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Grambling State University Email Policy Criticized For Violating First Amendment

September 27, 2010

Index finger hovering over keyboardA recent e-mail blast from the media-relations office at Grambling State University has recently been criticized for violating students' First Amendment rights.

According to The News-Star, on July 13, students received an e-mail instructing them not to forward election-related e-mails through their university accounts as doing so could imply institutional endorsement. The e-mail specifically said, "DO NOT FORWARD campaign solicitations using university e-mail as this implies your support for the candidate and may be viewed as utilizing university resources for solicitation purposes, a violation of state policy." The message also advised students to delete such e-mails upon receipt.

The Foundation for Individual Rights in Education (FIRE) and the American Civil Liberties Union (ACLU) of Louisiana argued that the e-mail was an "'unlawful restriction' that violates students' constitutional rights to express their political beliefs and engage in political debate". The groups asked Grambling State University President Frank Pogue to lift the policy. FoxNews.com added that FIRE said it would not back down until the matter was resolved.

Upon investigation, The Chronicle of Higher Education discovered that the e-mail blast was actually intended for staff members. According to Vanessa Littleton, a spokeswoman for the university, the message was accidentally distributed to students. From there, the issue escalated when a student brought the e-mail to the attention of FIRE.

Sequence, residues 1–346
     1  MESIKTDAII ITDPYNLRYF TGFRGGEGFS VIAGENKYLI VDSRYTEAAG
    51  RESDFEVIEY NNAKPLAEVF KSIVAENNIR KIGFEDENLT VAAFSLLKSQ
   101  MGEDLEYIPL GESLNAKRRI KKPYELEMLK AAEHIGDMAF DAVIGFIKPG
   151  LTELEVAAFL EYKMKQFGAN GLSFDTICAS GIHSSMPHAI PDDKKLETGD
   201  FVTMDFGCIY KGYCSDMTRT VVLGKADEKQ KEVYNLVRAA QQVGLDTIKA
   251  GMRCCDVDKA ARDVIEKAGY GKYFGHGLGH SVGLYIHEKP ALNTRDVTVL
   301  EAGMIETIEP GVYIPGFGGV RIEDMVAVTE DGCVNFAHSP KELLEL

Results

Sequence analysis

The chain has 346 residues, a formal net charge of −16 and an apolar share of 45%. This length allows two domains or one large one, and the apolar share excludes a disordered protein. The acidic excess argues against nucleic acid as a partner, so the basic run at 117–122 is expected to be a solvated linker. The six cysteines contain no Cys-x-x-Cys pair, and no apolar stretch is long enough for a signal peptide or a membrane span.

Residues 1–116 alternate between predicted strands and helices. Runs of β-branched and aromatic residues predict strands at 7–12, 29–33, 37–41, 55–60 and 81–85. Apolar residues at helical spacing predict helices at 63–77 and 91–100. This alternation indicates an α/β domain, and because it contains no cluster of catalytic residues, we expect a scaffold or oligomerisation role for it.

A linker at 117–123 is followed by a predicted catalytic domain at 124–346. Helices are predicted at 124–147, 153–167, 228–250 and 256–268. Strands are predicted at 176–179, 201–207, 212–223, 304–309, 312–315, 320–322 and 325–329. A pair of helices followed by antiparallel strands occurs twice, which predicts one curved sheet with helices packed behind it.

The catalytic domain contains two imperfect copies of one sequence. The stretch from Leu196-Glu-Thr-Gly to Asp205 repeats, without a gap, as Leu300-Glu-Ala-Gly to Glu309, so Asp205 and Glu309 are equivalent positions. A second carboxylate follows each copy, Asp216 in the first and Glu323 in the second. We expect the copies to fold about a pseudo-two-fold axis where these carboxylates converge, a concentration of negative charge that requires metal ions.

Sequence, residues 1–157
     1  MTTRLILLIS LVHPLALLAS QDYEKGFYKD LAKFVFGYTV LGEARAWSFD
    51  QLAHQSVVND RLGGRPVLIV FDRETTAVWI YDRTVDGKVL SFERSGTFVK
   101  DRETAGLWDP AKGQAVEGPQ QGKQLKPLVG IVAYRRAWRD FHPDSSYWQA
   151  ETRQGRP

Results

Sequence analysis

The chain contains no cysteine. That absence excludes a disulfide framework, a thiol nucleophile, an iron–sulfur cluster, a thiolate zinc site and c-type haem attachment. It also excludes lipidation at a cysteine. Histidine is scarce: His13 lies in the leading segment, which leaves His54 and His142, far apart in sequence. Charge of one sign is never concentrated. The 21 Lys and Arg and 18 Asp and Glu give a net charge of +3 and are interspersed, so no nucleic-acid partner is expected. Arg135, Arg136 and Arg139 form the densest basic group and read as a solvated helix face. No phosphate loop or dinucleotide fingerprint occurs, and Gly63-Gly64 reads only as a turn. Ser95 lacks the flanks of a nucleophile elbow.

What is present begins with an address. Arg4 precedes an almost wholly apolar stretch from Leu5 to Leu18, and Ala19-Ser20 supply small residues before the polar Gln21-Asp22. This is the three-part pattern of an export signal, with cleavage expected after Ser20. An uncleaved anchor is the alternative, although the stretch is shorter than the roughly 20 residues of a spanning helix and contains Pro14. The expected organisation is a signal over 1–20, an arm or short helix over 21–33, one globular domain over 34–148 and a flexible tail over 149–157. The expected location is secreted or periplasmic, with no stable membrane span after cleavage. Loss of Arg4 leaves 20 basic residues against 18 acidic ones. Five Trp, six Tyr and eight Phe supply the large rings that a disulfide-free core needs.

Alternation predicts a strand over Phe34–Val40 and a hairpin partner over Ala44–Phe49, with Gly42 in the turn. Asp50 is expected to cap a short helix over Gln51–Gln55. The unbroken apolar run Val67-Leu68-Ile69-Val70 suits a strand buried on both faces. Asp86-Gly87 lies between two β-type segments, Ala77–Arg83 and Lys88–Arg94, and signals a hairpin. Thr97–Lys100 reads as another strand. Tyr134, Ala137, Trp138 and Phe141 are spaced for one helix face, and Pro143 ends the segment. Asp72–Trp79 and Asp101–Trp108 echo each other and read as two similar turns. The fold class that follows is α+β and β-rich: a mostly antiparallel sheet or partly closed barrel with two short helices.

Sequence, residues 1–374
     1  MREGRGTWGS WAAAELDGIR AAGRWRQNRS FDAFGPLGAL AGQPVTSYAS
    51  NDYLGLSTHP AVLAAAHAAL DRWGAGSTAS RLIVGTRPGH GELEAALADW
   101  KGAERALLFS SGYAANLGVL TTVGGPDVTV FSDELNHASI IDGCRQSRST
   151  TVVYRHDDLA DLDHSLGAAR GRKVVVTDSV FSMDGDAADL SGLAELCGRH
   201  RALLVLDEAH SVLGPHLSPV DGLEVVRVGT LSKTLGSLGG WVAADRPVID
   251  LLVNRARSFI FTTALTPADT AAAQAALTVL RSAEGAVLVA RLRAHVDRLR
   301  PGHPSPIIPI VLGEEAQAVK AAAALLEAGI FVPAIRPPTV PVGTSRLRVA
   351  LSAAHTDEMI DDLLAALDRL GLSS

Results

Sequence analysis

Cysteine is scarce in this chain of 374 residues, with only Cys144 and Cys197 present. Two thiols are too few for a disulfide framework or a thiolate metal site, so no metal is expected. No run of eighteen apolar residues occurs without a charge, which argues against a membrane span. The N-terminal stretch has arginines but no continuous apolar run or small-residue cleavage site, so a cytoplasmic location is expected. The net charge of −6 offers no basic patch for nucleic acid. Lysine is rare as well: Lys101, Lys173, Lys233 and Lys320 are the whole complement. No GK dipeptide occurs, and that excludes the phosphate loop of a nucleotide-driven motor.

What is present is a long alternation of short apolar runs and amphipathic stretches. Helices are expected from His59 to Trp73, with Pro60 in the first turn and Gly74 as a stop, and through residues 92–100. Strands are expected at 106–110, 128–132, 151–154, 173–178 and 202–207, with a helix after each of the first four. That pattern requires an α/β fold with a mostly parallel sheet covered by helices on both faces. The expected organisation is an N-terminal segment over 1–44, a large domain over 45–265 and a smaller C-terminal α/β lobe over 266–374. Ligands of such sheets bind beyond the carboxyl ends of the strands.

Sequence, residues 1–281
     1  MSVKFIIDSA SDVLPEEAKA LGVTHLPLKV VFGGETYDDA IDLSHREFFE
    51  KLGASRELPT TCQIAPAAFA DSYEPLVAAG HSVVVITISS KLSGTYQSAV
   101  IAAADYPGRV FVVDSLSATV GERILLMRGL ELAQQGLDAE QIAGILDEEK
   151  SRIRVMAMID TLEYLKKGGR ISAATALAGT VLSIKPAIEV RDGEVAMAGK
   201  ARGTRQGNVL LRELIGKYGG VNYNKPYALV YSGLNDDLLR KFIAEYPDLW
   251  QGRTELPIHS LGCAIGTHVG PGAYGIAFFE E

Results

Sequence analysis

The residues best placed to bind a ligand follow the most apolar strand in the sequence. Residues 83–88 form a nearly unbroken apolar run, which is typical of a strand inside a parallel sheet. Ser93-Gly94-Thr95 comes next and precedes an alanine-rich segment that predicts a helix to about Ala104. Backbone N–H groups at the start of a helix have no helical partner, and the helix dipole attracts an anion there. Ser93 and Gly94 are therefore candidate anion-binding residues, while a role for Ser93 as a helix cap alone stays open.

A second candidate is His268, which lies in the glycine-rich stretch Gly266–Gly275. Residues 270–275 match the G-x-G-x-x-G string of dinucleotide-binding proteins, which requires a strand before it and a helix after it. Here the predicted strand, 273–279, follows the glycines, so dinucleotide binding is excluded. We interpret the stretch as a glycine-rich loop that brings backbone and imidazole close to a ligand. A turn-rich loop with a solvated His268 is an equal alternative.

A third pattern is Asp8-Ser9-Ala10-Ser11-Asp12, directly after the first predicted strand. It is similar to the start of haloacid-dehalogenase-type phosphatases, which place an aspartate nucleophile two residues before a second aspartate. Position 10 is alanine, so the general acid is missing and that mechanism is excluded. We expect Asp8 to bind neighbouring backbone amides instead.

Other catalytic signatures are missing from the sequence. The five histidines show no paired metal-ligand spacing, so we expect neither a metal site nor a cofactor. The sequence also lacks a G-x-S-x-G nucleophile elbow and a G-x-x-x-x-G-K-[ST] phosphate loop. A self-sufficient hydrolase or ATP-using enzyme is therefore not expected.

According to The News-Star, Littleton said that the university "does not prohibit students or employees from political expression" and provided a copy of the school's e-mail policy. The Chronicle of Higher Education noted that FIRE and ACLU ended up objecting to the overall policy far more than the original e-mail blast. The groups argued that the policy's use of undefined and vague terms granted administrators "unbridled discretion to censor or punish protected speech".

Will Creeley, FIRE's director of legal and public advocacy, said in an interview that policies limiting students' speech are "unfortunately more or less of a regular occurrence". Indeed, FoxNews.com noted that in the 2008 election cycle, the University of Oklahoma banned "the forwarding of political humor and commentary" via e-mail. The University of Illinois also prohibited political buttons, t-shirts, bumper stickers and campaign literature.

Robert C. Wiley, independent mayoral candidate in Grambling who filed a complaint against the university with ACLU and FIRE, said it was necessary to reverse the effects of the policy immediately. "We have to get students involved in this electoral process. If we don't get students involved, then higher education will always be treated like a stepchild."

Littleton told FoxNews.com that "the university is communicating on this matter with legal counsel and the governing board. To ensure the Grambling State University community is fully aware of the university's policy, email use policies are being redistributed".


Compiled by CityTownInfo.com Staff

Sources:

"Complaints filed over GSU e-mails," thenewsstar.com, September 23, 2010, Stephen Largen

"Free-Speech Advocates Challenge E-Mail Policies at Grambling State," chronicle.com, September 22, 2010, Peter Schmidt

"Grambling State University Bans Political E-Mails, Cites State Law," foxnews.com, September 22, 2010, Stephen Clark

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